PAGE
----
Chamber Music of Clara Schumann

Byron Schenkman 1875 Streicher piano, Jesse Irons violin, Kate Bennett Wadsworth cello

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Byron Schenkman must be used to reading rave reviews in/on Early Music Review. Almost everything he does – across a vast range of musical styles – garners praise from whichever of our reviewers I send the discs to. This time, I decided to keep the disc for myself, mostly because I have long wondered why Clara Schumann remains outside the musical mainstream when the music I’ve heard by her is outstanding. With his colleagues, Jesse Irons and Kate Bennett Wadsworth, Byron has merely underlined my disbelief; the three Romances op. 22 are more than capable of holding their own in any violin recital (the first is in the challenging key of D flat major!), the G minor Piano trio op. 17 held my wrapt attention for the duration (and I have to confess that there are few such works that have managed that!), and the Romance from her teenage Piano concerto op. 7 (how audacious of a 16 year old to write the central movement of a work whose home key is A minor in A flat major!) which I had initially thought a miscalculated way to end the disc (after Schenkman’s immaculate readings of her husband’s Kinderszenen op. 15) turned out to be a poignant “yes, ladies and gentlemen, this is that talent that was the young Clara Schumann, who (being a dutiful wife) largely abandoned her creative genius in favour of supporting her husband”. In a short additional note, the cellist explains that research into 19th-century performance practice has broadened the palette of interpretative techniques at the group’s disposal. These are deployed appropriately and it is obvious throughout that the trio have an excellent rapport, such is the precision of their ensemble playing, despite the rhythmic ebb and flow. So full marks to performers, recording engineer, piano technicians and, last but not least, the still underrated composer! An hour of unmitigated pleasure.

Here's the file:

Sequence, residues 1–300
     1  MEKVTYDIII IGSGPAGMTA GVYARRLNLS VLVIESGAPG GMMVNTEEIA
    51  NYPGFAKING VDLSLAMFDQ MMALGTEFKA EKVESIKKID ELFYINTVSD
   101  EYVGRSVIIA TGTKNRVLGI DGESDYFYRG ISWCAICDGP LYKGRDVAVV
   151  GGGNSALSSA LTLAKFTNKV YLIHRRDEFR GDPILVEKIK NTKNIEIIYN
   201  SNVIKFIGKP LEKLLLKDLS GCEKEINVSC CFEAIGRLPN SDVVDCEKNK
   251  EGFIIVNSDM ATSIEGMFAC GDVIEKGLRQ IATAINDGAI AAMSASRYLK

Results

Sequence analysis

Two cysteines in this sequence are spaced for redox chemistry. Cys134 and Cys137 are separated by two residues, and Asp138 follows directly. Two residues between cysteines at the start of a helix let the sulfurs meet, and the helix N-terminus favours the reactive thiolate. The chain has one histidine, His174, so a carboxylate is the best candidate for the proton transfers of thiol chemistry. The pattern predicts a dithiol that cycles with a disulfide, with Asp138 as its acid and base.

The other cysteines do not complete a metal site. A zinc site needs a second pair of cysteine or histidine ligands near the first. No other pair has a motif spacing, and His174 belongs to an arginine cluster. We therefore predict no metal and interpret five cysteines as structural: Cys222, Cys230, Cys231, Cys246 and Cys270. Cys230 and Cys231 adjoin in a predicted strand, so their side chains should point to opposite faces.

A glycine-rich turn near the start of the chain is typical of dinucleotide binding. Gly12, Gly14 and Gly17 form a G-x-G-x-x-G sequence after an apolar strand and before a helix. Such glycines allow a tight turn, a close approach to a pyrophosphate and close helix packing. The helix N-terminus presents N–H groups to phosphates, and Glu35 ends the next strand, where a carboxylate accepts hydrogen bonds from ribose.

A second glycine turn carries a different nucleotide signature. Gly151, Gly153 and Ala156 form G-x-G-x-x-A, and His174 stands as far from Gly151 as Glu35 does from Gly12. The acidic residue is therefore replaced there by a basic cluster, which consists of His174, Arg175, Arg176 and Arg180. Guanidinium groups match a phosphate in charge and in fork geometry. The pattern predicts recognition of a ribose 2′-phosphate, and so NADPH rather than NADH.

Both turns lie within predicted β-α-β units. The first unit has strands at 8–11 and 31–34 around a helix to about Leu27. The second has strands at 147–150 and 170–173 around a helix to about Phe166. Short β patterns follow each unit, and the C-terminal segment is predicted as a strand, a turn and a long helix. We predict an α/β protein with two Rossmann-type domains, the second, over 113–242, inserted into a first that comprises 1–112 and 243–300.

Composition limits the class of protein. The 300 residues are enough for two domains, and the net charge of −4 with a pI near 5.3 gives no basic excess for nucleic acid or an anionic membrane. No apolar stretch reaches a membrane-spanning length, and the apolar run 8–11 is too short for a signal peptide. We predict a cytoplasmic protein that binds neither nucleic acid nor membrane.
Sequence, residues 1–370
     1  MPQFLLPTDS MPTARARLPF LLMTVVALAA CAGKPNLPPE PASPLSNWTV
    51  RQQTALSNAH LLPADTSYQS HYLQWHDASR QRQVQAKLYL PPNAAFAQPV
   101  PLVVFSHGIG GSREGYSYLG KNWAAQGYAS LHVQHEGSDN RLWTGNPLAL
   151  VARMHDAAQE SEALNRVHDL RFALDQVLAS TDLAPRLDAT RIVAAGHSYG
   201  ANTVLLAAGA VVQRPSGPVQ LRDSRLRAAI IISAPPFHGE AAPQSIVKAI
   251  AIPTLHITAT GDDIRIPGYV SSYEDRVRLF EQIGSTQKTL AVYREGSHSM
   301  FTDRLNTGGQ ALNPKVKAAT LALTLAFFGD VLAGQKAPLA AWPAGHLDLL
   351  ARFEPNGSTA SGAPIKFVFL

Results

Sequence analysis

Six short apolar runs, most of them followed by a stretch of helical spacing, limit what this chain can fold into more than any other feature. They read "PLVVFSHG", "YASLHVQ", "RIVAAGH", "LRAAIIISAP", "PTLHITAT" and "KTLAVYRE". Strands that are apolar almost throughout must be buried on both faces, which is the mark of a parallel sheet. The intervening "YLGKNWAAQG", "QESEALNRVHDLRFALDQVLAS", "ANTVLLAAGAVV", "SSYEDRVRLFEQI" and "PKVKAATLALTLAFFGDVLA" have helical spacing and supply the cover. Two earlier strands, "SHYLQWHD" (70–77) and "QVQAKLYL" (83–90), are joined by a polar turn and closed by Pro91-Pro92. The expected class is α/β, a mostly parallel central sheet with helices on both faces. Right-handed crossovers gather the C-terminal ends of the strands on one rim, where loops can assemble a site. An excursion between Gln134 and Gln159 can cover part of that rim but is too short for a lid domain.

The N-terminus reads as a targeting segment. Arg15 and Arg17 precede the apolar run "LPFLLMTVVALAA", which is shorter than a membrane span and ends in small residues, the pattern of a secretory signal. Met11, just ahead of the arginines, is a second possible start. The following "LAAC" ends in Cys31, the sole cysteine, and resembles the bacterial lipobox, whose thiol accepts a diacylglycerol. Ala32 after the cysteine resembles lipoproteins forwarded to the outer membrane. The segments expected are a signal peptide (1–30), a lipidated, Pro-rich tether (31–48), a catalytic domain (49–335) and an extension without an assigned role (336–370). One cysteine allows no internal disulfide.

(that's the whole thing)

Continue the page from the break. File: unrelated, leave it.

Brian Clark

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